“It is a very radical event and much harsher than the 2007 Louis Vuitton Cup was. Here we have two small pools of teams racing against each other on short,very tricky inshore courses. Even if you are close, just one mistake puts you away and mentally it is very difficult to come back – even for the very best sailors in the world. Races are lost by tight margins of less than 20 seconds. There is nothing in it but you lose.
“The big teams like Emirates Team New Zealand, America’s BMW Oracle and Team Alinghi have great depth of experience in their crews, they are well funded and able to employ their teams full time and it shows in an event like this,” said Kandler.
In a controversial move, much to the disappoint of those following the event here and around the world, Alinghi conceded their match to Emirates Team New Zealand by failing to start today. It would have been the first time the two teams had gone head to head since Alinghi beat the Kiwis in the 2007 America’s Cup match.
Alinghi issued a statement later in the day saying that the way the event is structured races against Team New Zealand don’t count in Round Robin 2. However hard contact penalties can result in a deduction of points as in the BMW Oracle vs. TeamOrigin match on 6 Feb. “With a competitive elimination round coming up in the next few days Alinghi had everything to lose and nothing to gain in racing the home team Emirates Team New Zealand.”
In a news release on the Emirates Team New Zealand website skipper Dean Barker said he was “stunned by the no-show by Alinghi. “I was disgusted. The racing has been close, competitors are enjoying themselves and the public being treated to some great sailing. Why would they introduce a niggle into a very successful regatta.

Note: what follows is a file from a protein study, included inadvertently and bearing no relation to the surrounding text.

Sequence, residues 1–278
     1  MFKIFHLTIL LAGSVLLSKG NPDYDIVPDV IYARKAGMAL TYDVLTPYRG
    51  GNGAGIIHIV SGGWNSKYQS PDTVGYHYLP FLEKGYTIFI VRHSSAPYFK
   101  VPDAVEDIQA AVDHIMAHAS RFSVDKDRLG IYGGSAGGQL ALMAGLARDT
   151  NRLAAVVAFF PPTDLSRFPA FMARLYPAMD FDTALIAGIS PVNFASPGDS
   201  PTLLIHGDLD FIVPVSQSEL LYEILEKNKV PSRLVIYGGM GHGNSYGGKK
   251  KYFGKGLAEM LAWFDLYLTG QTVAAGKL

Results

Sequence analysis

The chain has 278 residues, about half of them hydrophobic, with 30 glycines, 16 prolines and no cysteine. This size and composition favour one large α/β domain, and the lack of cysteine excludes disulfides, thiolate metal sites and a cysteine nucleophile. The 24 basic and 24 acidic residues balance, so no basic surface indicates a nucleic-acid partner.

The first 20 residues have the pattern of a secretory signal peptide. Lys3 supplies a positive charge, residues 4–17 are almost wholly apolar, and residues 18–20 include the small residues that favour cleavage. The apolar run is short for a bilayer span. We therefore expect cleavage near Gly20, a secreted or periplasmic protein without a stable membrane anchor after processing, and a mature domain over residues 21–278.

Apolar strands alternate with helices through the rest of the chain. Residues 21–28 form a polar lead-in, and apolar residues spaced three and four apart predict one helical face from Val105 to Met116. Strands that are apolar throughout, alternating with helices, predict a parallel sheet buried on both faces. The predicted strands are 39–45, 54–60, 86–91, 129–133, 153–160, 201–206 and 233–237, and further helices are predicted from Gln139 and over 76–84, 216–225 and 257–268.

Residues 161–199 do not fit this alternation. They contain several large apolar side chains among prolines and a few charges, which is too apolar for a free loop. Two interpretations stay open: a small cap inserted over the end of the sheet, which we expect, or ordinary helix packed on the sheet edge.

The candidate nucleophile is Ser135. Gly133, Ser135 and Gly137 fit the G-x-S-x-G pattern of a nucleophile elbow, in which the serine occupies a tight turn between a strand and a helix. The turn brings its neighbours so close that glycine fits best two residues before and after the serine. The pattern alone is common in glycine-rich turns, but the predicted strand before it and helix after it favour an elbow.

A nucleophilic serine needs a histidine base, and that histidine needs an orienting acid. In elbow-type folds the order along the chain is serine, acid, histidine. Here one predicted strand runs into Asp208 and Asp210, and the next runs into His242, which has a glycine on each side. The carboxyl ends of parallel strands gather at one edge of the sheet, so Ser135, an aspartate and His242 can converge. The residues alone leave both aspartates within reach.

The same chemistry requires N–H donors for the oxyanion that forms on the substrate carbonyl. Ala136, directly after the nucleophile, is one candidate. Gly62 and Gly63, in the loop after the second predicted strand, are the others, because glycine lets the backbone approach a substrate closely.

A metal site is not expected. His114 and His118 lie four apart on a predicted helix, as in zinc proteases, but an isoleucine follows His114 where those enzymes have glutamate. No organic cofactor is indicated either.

“Its all about the spirit of the event. Its all about doing what’s right for yachting. Their action was insulting and disrespectful to our team and to the New Zealand people. We were really wanting to race them today, the first time since July 2007,” said Barker.
The highlight of the day was a super tight battle between Italy’s Luna Rossa steered by America’s Cup veteran Peter Holmberg and the new British team TEAMORIGIN with three-time Olympic gold medallist Ben Ainslie at the helm.
The race went to the wire in a fresh southerly breeze to the delight of thousands of spectators crowding the course on boats and from the North Head viewing point. The British won by four seconds, barely a boat length.
In the other Gold Fleet race, BMW Oracle Racing beat Damiani Italia Challenge. In the Silver Fleet China Team finished the round unbeaten with a convincing win over Pataugas K Challenge.
Gold Fleet scores: Alinghi, 2 points; BMW Oracle Racing, 2; TEAMORIGIN, 0.5; Damiani Italia Challenge, 0; Luna Rossa, 0. (Emirates Team New Zealand is not awarded points in this round). Silver Fleet: China Team, 3; Pataugas K-Challenge, 2; Greek Challenge, 1; Team Shosholoza, 0.
The big match of the day on Sunday will be the showdown between America’s Cup defenders, Team Alinghi, and America’s BMW Oracle Racing Team. Off the water the two teams have been locked in a prolonged court battle relating to protocol for the next 33rd America’s Cup. A final ruling on the issue is still to be made by the Supreme Court of New York.